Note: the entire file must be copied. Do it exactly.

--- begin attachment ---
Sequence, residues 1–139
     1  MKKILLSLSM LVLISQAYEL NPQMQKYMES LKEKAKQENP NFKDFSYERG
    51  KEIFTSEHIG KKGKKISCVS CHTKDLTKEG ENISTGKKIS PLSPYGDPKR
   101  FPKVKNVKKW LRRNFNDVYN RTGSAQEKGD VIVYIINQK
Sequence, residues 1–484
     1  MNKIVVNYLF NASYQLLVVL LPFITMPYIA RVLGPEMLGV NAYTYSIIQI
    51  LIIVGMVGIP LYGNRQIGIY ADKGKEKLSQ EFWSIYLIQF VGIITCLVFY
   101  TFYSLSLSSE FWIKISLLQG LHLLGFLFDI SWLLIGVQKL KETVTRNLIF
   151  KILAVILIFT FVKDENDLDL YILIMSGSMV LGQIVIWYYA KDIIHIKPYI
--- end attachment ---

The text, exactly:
Sequence, residues 1–139
     1  MKKILLSLSM LVLISQAYEL NPQMQKYMES LKEKAKQENP NFKDFSYERG
    51  KEIFTSEHIG KKGKKISCVS CHTKDLTKEG ENISTGKKIS PLSPYGDPKR
   101  FPKVKNVKKW LRRNFNDVYN RTGSAQEKGD VIVYIINQK
Sequence, residues 1–484
     1  MNKIVVNYLF NASYQLLVVL LPFITMPYIA RVLGPEMLGV NAYTYSIIQI
    51  LIIVGMVGIP LYGNRQIGIY ADKGKEKLSQ EFWSIYLIQF VGIITCLVFY
   101  TFYSLSLSSE FWIKISLLQG LHLLGFLFDI SWLLIGVQKL KETVTRNLIF
   151  KILAVILIFT FVKDENDLDL YILIMSGSMV LGQIVIWYYA KDIIHIKPYI